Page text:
Mike Hazen's voice picks up a beat when Oscar Tejeda's name is mentioned. Of course, there's uncertainty when evaluating a Single A prospect - especially one who's only 17 - but the director of player development excitedly acknowledges Tejeda's obvious offensive ability.
"I mean, he's interesting," said Hazen of the Lowell shortstop. "You look at a 17-year-old kid playing in that league [New York-Penn]. At 17, playing on that roster and playing well. That's a credit to Craig Shipley and the scouting. Tremendous makeup. Hard worker. Great raw ability. Projecting a 17-year-old kid is idiotic, but he's definitely interesting."
Tejeda, who will turn 18 in December, was brought up from the Gulf Coast League Red Sox two weeks ago. He was a July 2 international free agent signing out of the Dominican Republic, along with Engel Beltre, since traded to the Rangers in the Eric Gagné deal.
Lowell manager Gary DiSarcina, who had limited familiarity with his new player, initially batted the shortstop ninth as the designated hitter. That didn't last long. In his first 10 games with the Spinners, Tejeda had five three-hit performances - and was moved up in the order. Though he has cooled off a bit (11 strikeouts over a six-game period), Tejeda stood at .328 after Wednesday night's game. With the GCL Sox, he hit .295 (51 for 173) with 13 doubles.
"He's been very impressive as far as his plate awareness, his body awareness, his ability to drive a fastball, his ability to hit breaking balls," DiSarcina said. "He's very advanced for his age. He moves runners over, drives the ball well into both gaps. The important thing is he's not overmatched."
Though his defensive skills lag behind his offensive talents, DiSarcina is still playing Tejeda at shortstop, even though that means he has to juggle his infield a bit. His regular shortstop, Yamaico Navarro (.304), slides over to third. According to DiSarcina, the two are polar opposites, from Navarro's "hard and out of control at times" swing to Tejeda's "very soft, very smooth" motion.
And, though it would be easier (and likely more helpful to the Spinners' playoff pursuit) to use Tejeda as the full-time DH, DiSarcina stresses that could stunt Tejeda's development. Pressure isn't always a bad thing.
"He should be playing in this league three or four years from now," DiSarcina said of the 6-foot-1-inch, 177-pound Tejeda, the youngest Spinner in team history. "He's doing it at a very young age. He has a very young body. Is he going to outgrow his position, have to move to the outfield or third base? He has some awkward moments in the field where it doesn't look completely fluid, whether you want to call him gangly or growing into his body. [But] he's an exciting player, easy to coach, easy to manage."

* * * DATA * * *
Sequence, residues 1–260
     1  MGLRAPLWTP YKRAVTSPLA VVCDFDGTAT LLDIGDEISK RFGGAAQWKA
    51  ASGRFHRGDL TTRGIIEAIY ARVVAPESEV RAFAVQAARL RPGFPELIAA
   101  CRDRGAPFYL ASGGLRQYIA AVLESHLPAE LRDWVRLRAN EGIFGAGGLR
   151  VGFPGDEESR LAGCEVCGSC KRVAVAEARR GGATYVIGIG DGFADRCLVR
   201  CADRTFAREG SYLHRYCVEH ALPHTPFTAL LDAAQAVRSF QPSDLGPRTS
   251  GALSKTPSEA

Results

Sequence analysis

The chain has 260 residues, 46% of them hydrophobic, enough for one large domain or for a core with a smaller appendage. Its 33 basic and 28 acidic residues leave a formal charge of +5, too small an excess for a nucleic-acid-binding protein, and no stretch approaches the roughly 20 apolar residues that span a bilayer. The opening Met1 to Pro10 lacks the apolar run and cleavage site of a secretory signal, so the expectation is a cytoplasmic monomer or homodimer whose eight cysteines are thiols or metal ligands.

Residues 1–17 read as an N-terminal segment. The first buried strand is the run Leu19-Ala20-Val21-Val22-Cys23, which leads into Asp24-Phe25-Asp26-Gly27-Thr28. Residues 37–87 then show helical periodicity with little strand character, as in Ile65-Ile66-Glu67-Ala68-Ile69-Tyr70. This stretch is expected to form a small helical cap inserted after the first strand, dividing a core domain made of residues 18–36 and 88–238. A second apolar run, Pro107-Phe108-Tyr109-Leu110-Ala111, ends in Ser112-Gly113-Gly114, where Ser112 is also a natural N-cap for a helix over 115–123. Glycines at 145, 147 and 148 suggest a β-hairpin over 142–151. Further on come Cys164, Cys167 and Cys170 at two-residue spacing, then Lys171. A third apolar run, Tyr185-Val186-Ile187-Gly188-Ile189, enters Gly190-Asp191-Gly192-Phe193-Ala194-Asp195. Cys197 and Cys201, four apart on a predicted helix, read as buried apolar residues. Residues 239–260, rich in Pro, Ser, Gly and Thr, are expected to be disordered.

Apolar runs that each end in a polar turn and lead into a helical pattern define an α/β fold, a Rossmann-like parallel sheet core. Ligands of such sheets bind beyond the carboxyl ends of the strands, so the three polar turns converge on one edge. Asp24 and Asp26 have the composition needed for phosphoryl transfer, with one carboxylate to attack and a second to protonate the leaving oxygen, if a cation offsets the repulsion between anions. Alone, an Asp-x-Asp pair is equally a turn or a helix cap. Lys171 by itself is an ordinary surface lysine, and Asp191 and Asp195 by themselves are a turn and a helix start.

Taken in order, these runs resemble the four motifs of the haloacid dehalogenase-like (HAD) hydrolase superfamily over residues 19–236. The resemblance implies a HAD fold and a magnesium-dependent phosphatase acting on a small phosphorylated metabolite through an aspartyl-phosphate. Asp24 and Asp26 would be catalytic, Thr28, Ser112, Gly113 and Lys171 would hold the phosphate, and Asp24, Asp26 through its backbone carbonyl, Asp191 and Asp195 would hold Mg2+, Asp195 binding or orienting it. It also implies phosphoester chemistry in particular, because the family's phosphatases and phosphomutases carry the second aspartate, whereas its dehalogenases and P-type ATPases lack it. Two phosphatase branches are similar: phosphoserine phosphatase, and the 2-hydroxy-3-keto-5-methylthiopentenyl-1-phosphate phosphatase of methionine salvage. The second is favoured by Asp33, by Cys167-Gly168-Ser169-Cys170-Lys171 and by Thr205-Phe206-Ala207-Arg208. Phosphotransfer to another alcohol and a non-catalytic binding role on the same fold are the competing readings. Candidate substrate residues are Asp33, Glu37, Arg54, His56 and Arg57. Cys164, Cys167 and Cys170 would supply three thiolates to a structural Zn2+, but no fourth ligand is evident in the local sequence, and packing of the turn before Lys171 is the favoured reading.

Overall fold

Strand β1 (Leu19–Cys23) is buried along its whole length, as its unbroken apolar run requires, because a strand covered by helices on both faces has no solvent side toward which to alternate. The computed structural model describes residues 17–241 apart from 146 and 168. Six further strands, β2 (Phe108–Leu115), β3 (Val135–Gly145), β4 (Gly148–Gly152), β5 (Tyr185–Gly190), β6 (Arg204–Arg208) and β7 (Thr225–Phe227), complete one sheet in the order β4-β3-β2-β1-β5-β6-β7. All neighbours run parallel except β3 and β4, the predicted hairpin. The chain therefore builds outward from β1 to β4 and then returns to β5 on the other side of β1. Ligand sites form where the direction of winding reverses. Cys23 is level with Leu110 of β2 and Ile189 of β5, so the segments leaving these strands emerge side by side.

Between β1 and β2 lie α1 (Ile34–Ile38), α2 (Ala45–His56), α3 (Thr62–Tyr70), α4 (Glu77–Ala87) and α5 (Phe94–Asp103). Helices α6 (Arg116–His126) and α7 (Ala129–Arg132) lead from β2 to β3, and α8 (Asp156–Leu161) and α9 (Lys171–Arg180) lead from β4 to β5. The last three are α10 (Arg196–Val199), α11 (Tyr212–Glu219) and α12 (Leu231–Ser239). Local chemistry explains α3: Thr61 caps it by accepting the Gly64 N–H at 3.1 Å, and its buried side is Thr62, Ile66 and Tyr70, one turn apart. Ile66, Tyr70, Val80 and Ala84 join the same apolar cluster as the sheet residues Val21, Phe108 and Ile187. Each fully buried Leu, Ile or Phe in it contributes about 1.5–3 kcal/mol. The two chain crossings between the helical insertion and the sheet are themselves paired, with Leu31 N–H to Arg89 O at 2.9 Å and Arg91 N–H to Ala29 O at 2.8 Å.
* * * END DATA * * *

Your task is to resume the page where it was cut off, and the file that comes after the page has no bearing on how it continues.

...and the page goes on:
Young and upcoming
DiSarcina, late of the NESN broadcasting booth, reflected on his first season at the Lowell helm: "What makes it special is when the rovers come in or the front-office people come in and they see the jumps and the leaps and bounds [the players] have grown. When you're on the ground every day, you don't see the growth." His best moment? Lowell's walkoff win in the Futures at Fenway game, getting to see the "smiles on the faces at Fenway Park, to see them jump up and down, like little kids." . . . The Lancaster JetHawks broke the California League season home run mark when Jon Still hit the 204th Sunday. The team proceeded to hit three more en route to a 20-5 victory over Stockton. The previous record was held by the 2005 High Desert team . . . Nick Hagadone, the Red Sox' top 2007 draft pick, has continued his scoreless streak at Lowell. Since giving up five earned runs in 1 1/3 innings in his professional debut, Hagadone has allowed just six hits and no walks, while striking out 21 batters in 17 innings in two- and three-inning starts . . . In the first game of Wednesday night's doubleheader against Trenton, the Sea Dogs wore replica 1926 Portland Eskimo uniforms in their Field of Dreams promotion. With their split, Portland led New Hampshire by a half-game in the race for the second playoff slot in the Eastern League's Northern Division . . . After playing in 10 games with the GCL Sox, the team's second draft pick, infielder Ryan Dent, played his first game for Lowell Tuesday. Dent, a first-round sandwich pick (No. 62 overall), went 2 for 4 with an RBI and a run scored . . . Pawtucket beat Buffalo, 7-6, Wednesday night on a walkoff single by Brandon Moss. It was the team's 18th walkoff win this season and fifth since Aug. 13 . . . Jacoby Ellsbury's hitting streak was 24 games after Wednesday's contest . . . Lancaster first baseman Lars Anderson is 7 for 16 (.438) in five games since being promoted from Greenville.